Saturday, March 31, 2012

CNN AC360's Investigation into Pinehaven Part III of III: Escape from the Illinois Child Trafficking Pipeline of Children to Montana

HT to Chuckles Travels:  "Your Kids" or your prey, Mr. Duke?
Continuing with Part III of the CNN Anderson Cooper 360 investigation into Pinehaven of St. Ignatius, Montana, one of the Independent Fundamental Baptist affiliated homes for troubled children that employ extreme abuse and forced heavy labor to purify their souls. Note that Kathryn Joyce titled her article about these IFB homes as “Escape from Montana” when it first appeared in Mother Jones in August, 2011 because the Montana state laws apparently facilitate the free operation of the abuse that takes place within them.

This episode highlights the procurement activities of Charlie Duke who gains access to children through his employment as a truant officer in Olney, IL and arranges with the court to have students sent out of state to Pinehaven in Montana, some 2000 miles away from parents where parents are largely denied access to their children. The court apparently decides without a hearing or investigation of parents and without their knowledge or approval to deem their homes unfit so that they have cause to send children out of state to Pinehaven. CNN's Gary Tuchman dubs this the Illinois Pipeline. (Read more here at Chuckles Travels.)

Since the airing of these episodes, the Pinehaven Abuse (vicitm advocate and support) website notes that the young woman featured in the CNN investigation (transferred from an inpatient mental health facility for post-rape suicidal behavior because of Charlie Duke's intervention as a “procurement agent” for Pinehaven) has been ordered to be released from the IFB boarding home to return to her mother's care in Olney, IL at the end of this school year in June of 2012.

 Addendum 31Mar12 5PM:  Since this initial posting, I've been made aware that though the IFB does run boarding homes like Pinehaven, the facility in Montana is not directly affiliated with the the IFB in the same way as homes like Hephzibah House.  Apparently, the home is subsidized as a missionary effort in the same way that the IFB homes are and practice the same types of discipline and heavy labor as a "Christian ministry" but receive donations from a variety of sources including funds from many evangelicals including Baptist and Catholic sources.  Like the homes directly affiliated with the IFB, Pinehaven does operate without oversight from anyone under the laws protecting private homes and religious liberty.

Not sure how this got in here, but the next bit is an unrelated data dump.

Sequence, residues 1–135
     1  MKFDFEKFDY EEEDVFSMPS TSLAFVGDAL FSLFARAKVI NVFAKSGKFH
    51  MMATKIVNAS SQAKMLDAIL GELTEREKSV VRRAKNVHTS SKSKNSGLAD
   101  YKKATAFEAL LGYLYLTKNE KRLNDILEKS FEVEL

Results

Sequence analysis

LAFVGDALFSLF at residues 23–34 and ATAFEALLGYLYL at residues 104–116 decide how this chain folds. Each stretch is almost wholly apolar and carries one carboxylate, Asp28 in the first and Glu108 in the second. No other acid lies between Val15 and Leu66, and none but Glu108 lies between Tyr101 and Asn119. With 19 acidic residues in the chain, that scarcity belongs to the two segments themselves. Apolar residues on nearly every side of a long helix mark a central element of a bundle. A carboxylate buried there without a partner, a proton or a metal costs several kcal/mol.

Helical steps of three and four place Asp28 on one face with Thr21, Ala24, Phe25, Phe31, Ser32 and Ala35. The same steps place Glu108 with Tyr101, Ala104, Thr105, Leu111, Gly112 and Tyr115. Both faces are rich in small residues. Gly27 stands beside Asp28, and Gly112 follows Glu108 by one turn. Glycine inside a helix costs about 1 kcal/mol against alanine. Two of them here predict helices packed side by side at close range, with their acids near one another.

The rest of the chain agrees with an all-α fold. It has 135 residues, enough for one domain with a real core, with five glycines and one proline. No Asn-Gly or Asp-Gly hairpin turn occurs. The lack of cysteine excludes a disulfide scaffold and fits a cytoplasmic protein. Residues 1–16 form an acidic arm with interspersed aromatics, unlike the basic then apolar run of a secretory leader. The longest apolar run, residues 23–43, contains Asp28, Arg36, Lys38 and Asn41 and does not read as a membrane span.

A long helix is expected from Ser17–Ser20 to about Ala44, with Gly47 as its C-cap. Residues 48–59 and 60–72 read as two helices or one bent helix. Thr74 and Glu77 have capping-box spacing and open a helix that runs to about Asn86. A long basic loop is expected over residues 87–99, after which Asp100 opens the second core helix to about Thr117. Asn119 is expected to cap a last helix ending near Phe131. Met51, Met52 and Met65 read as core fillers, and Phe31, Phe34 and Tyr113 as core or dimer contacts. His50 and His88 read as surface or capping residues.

Part III of III as it appears on the AC360 blog entry:

March 29, 2012 transcript not included in video:

COOPER: Well, tonight, part three of our report on allegations of abuse at a small Christian boarding school in Montana. You're going to meet an Illinois mom who says her daughter was sent to the school against her wishes after a truant officer gave her daughter a form to sign. She was just 15 years old.


UNIDENTIFIED FEMALE: She called me, she was crying, she said, mommy, I just made a mistake.

UNIDENTIFIED MALE: What was her mistake?

UNIDENTIFIED FEMALE: I asked her what happened, and she said, I just signed the papers to go to Pinehaven.



COOPER: Tonight in our "Ungodly Discipline" series, the disturbing link between a truant officer in Illinois and a small Christian boarding school nearly 2,000 miles away in north western Montana.

Now over the last two nights, we've told you of allegations of abuse at the school, which is exempt from state oversight. In part three of his report tonight, Gary Tuchman exposes what amounts to a pipeline between five counties in Illinois and Pinehaven Christian Children's Ranch.

Dozens of kids from Illinois have ended up at Pinehaven, steered there by the same truant officer. It happened to a teen named Cassie against her mother's wishes. Now, her mom wants to pull her out of Pinehaven, but can't. Here's Gary's report.


COOPER: Gary, I mean, it's such a fascinating report that you've done over the last three nights. What is the state of Illinois and child welfare experts have to say about this?

TUCHMAN: You know, we've talked to child welfare experts who work for the state and who work in private practice and they all tell us this is unorthodox and upsetting. They say it's standard procedure to try to take a kid if the kid has to leave their parents to a place close to their home.

But interestingly, we also talked to the top legal official in the state, the attorney general of Illinois, and this is what's fascinating. This has been going on for many years. The attorney general's office says they knew nothing about this whatsoever.

They did some investigating, and they, too, say it was disturbing, but during their investigation, they discovered that this is not their jurisdiction, that only the local state district attorneys can deal with the situation.

So, therefore, the Democrat is the attorney general in the state of Illinois, Lisa Mattigan, says she can't do anything.

COOPER: And just so I'm clear, they have no trained counselors, certified counselors at this school to help troubled kids?

TUCHMAN: What Bob Larsson will tell us is he believes these people are good and they're trained and they know what they're doing. But the fact is, they are not licensed whatsoever. The counselors or the teachers, not licensed by the state of Montana, it's unaccredited, unlicensed, and uncertified employees.

COOPER: That's even ignoring the abuse allegations, which you've documented in the previous nights. Gary, appreciating the reporting. Thanks. We'll continue to follow it.

Link here to Part I and Part II
with transcript not included in the video.